#GBV: How to Help Someone Who Can't See The Danger


By Phumlani Kango


Sometimes the very victims of gender-based violence are those who need the most help seeing the danger they are in.

Gender-based violence is a serious problem in some societies, especially here in South Africa, with the stats supporting this evidence. Gender-based violence is a type of assault which occurs between men and women in relationships, in the home, at the workplace and in our communities. This particular brand of violence is all about power and control.

It takes the form of physical, emotional, sexual, economic or spiritual abuse, and manifests itself in the form of crimes such as rape, domestic violence, sexual harassment. It creates fear, breaks down self-esteem, makes people do things they don’t want to do, like staying with someone who is abusing them.

We see examples of this behaviour in season 2 of MTV Shuga: Down South specifically with regard to Sol’s parents. Sol’s father has created an environment filled with fear in their home and is does not hold back when he physically assaults their mother. However, throughout all of this, Sol’s mother continues to defend her husband’s actions every time after he hits her which leads us to the crux of this article: What does one do when they have a family member or a friend like Sol’s Mom who refuses to believe they are in danger?

In Episode 8 & 9, we see Sol pleading with his Mom to leave his abusive Dad and Nurse Nomalanga even lends her opinion.  Sol’s Mom’s response is very dismissive, as she says that they (Sol and Aunty Nomalanga) must save their help for people who need it; claiming that she also does things to anger her husband. This is an example were the abuser has gaslit their victim into believing they deserve the abuse they are getting. In this case, if you were trying to help the victim one has to tread lightly because you don’t want the person to shut you out for “imposing”. The best advice I could give would be to reach out to an organization or a professional for steps to take.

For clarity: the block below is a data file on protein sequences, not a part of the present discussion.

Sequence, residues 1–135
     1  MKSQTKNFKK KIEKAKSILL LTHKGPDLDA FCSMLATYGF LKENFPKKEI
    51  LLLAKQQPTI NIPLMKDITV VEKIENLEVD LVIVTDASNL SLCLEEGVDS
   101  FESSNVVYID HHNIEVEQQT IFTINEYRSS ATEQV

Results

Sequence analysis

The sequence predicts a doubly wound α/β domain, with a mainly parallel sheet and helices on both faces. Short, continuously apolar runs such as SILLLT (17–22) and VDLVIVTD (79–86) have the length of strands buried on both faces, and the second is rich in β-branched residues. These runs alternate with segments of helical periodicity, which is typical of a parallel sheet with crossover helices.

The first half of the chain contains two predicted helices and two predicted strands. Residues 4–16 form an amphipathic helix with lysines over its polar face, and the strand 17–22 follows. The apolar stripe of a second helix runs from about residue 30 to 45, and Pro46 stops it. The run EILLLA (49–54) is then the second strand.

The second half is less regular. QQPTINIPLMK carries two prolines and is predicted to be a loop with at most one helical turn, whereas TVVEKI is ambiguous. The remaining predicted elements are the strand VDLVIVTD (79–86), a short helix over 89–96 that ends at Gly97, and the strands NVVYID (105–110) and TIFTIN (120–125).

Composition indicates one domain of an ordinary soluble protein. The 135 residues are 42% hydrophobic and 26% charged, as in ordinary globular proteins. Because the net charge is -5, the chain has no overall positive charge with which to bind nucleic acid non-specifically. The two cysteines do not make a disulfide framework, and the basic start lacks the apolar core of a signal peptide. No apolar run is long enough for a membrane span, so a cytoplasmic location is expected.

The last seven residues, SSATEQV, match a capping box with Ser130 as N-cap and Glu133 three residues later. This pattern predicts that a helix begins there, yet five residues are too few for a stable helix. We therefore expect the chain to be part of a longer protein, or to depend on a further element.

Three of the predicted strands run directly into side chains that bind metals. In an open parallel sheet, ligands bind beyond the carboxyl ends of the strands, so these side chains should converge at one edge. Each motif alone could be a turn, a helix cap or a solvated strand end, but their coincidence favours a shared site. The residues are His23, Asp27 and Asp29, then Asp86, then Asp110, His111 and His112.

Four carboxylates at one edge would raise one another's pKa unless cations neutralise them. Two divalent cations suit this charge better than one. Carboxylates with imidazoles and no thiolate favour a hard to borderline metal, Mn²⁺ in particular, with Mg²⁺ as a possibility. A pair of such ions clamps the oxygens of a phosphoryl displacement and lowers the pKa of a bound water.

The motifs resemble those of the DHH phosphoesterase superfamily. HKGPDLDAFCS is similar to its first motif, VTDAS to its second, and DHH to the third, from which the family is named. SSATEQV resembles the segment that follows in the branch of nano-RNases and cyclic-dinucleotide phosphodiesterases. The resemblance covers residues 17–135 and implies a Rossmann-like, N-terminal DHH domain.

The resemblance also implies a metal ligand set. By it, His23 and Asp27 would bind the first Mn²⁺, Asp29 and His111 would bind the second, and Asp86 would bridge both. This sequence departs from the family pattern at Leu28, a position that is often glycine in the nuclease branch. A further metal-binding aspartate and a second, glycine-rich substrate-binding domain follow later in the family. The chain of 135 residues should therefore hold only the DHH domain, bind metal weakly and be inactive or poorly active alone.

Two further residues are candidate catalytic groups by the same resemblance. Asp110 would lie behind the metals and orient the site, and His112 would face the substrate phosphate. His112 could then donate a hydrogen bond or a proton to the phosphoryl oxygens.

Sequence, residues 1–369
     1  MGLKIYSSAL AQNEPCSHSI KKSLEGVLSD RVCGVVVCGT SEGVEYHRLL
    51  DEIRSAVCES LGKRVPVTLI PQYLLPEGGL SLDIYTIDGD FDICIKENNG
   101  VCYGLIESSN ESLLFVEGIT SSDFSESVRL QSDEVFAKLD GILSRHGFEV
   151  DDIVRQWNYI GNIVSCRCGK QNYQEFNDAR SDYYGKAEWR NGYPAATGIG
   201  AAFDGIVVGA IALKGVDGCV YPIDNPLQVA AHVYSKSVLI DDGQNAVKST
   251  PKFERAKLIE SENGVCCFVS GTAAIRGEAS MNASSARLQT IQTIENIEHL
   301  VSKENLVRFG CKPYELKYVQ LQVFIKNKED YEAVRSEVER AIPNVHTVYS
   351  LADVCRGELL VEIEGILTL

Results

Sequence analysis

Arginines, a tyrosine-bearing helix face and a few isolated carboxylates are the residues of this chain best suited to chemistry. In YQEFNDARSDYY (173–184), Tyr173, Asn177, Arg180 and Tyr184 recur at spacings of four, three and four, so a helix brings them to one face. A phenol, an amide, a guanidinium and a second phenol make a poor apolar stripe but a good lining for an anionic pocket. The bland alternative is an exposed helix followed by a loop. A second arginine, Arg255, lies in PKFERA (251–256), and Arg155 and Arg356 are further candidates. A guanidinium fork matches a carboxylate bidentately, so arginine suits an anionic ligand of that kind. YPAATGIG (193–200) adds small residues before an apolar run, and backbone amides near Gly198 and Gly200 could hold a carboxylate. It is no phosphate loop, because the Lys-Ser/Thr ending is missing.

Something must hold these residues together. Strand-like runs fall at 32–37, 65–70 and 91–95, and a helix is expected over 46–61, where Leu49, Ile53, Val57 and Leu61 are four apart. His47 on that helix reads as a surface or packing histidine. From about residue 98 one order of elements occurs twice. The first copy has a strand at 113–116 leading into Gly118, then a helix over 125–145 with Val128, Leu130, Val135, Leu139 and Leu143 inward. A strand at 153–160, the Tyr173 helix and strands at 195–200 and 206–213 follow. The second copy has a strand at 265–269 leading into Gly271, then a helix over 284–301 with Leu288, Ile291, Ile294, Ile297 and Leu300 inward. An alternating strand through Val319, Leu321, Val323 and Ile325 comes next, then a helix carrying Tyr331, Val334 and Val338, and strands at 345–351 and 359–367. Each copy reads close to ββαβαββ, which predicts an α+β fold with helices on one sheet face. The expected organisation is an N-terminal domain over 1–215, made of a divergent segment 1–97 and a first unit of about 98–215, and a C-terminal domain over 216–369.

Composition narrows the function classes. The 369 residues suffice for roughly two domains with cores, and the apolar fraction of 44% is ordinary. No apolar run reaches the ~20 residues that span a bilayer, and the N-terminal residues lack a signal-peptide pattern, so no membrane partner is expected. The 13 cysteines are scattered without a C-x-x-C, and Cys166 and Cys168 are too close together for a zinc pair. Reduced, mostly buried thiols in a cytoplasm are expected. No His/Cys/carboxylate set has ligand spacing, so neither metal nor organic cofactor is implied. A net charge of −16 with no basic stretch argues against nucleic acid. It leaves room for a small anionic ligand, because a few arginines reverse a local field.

How Else To Help Someone In Danger 

  1. Understand

As a friend or family, you need to position yourself in a way that won’t seem like you’re imposing or telling the person what to do. Rather, you want to be seen as someone who is advising. Another thing to keep in mind is that you should not place shame, blame, or guilt on them. Don’t say things like “You just need to leave.” Instead, say something like, “I get scared thinking about what might happen to you.” Tell them you to understand that their situation is very difficult.

2. Make a Safety Plan

People will always feel comfortable when they know someone understands. One thing one can do is Help them make a safety plan. A safety plan might include packing important items and helping her find a “safe” word. This is a code word she can use to let you know she is in danger without an abuser knowing. It might also include agreeing on a place to meet her if she has to leave in a hurry. This is just an example of one thing one can do but the most important thing is being supportive.

3. Get professionals involved

As mentioned, there are various organizations and professionals that friend and family members can reach out to for advice on how to handle the situation. One of these organizations in South Africa is called POWA or People Opposing Women Abuse. POWA has been involved in numerous initiatives to promote values of people’s rights especially women’s rights.

Have you ever found yourself in a situation where you’ve had to try to help a family member or friend that is being abused? What steps did you follow? Share with us as these might help others.

Remember, if you are ever in an abusive relationship, help is around the corner. You can contact Love Life at any time even if you don’t have airtime by sending a PLEASE CALL ME to: 083 123 1023.

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